Diving the SMS Markgraf wreck
In many ways the Markgraf is the jewel in the Scapa Flow crown, despite stiff competition from the other six German High Seas Fleet ships which the water still holds. The Markgraf has divers coming back time and time again.
The Markgraf is on a scale that surpasses anything experienced elsewhere in the world. She is in superb condition considering she has been immersed for nearly 100 years. Due to the immense scale of this wreck it takes time to understand and at 45 metres it requires a level of technicality beyond that needed for the other wrecks. With time spent exploring, the Markgraf soon becomes a first-class enthralling dive for competent sport divers.
The ship now lies almost completely upturned on her starboard side but the superstructure has prevented her from rolling over entirely. Most of the interest lies along the starboard edge, but it is the sheer scale of the wreck that is most impressive. Thanks to many of the ship's features remaining largely intact – including the bow, stern and rudders – the immense size of the Markgraf is evident in a way that is more tangible than on the other wrecks. Diving the Markgraf proves to be an inexhaustible experience.
The bow of the Markgraf rises impressively from the seabed and is undoubtedly one of the defining images of Scapa Flow. The stem rises in a sheer line direct from the seabed and continues toward the shallower hull (remember the wreck is almost overturned) and along the keel. The shape of the bow is classic dreadnought and you would be hard pushed to find a similar sight elsewhere in the world.
Swimming away from the north-west facing bow, and along the seabed, the wreck towers overhead – the magnitude is striking. The massive anchor hawse pipe and the start of the ship's armour belt are visible. The steel armour still encases the hull and is easy to discern.
There is some damage in this section. The salvage teams blasted the hull to gain access to the torpedo rooms, which ran laterally across the bow and contained the valuable non-ferrous metals. The damage extends in a deep V-shape down to the seabed, exposing the innards of the ship. On the forward face of the damaged area, all the mechanisms for the anchor capstans, including the massive gears and shafts, are visible.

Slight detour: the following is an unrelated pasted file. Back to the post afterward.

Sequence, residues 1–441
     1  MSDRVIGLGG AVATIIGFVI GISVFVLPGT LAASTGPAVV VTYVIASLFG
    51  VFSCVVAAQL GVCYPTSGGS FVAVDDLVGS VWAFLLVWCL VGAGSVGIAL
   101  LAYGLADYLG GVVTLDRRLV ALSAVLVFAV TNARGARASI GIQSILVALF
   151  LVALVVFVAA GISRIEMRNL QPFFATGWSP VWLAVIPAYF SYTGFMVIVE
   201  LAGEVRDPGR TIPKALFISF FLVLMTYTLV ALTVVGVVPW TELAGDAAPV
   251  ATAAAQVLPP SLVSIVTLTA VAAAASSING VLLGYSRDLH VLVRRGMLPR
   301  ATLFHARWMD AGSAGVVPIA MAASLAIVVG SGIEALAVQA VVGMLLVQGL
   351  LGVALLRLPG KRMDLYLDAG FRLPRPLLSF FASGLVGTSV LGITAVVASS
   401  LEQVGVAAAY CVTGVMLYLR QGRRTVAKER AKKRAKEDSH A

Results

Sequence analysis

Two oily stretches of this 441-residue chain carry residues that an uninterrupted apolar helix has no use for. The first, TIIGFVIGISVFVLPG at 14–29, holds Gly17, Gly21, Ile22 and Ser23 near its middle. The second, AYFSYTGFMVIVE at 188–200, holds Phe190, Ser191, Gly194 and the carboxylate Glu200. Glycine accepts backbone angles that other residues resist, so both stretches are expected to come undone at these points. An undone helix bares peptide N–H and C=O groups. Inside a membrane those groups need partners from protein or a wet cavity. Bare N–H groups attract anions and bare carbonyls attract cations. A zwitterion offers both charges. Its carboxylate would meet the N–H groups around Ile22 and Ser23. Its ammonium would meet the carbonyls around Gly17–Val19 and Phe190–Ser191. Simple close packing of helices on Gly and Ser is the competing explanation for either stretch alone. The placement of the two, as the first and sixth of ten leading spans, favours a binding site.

Gears, shafts, and capstans… these are all common components of wrecks. The difference here is their vast size. It is this scale that makes diving on the Markgraf such a unique and thrilling experience.
The Markgraf’s anchor chain is a distinctive feature. As the vessel began to sink the anchor chain wrapped around her. Today the chain can be seen traversing the hull and descending the port side of the ship just aft of the torpedo room blast break.
The line of armour plates that once protected the Markgraf has been removed. Consequently the internal structure of the ship becomes exposed as you move aft along the side of the hull. Ribs, internal bulkheads and coal bunkers can all be seen.
Deeper in the water seven casemate guns run in a line at deck level. All seven remain, but some are easier to distinguish than others. The first two are hanging down and are quite apparent. The mast then interrupts the line of guns – it is protruding from the ship having bent over as the ship rolled during scuttling. From here it is a short swim out to the spotting top and the two platforms where men would have kept look-out in battle.
Moving further aft the armour belt has been largely removed in the salvaging operations and, as a result, the first two deck levels have fallen down. The armoured deck is still intact. The next three casemate guns now become visible and point towards the front. The sixth gun points to the aft. Two rows of portholes dotted along the side of the officers' accommodation complete the run to the stern section.
Another defining image of Scapa Flow is the twin rudders rising straight up from the hull at the stern of the Markgraf. The rudders are an impressive size, approximately 3.5 metres in height. They remain in place to this day having resisted damage from either the scuttling or the salvaging operations.
Surprisingly, the abiding impression given by the remainder of the stern is how petite it is. Overall the Markgraf feels huge and appears to have an immovable solidity, but the stern belies this with a more delicate line. Double tramlines of rivets mark the joining of deck plates and lead to the seabed in a gentle curve.
Moving forward, the damage can be seen that is left from the salvaging operation to retrieve the propellers. The broken stubs of the A-frames still remain and the shaped form of the hull that encompassed the propellers is evident, although it does begin to break up around the engine rooms.
As with many of the wrecks, the engine rooms of the Markgraf were a focal point for the salvage workers. The tops of the engine rooms have been blasted away and the low-pressure turbines have been cleanly removed. Cables, valves and broken pipework now scatter the area. In the forward engine rooms the high-pressure turbines remain, just visible through a bulkhead.
By the time the salvage teams started work on the Markgraf they were well practised and adept at their job. Blasting on this wreck was more accurate and concentrated in comparison to many of the others, especially the König. In addition, the orientation of the wreck has complemented the structural strengths of the ship, which has helped to slow her decay.
Wrecks Protected Status
In recognition of their historical and cultural importance, the wrecks of the Cöln, Dresden, Brummer, Karlsruhe, Kronprinz Wilhelm, König and Markgraf have been protected as scheduled monuments. Divers are welcome to enjoy and respect these wrecks but removal of artefacts from them is illegal. For more information, please visit the: MCA Website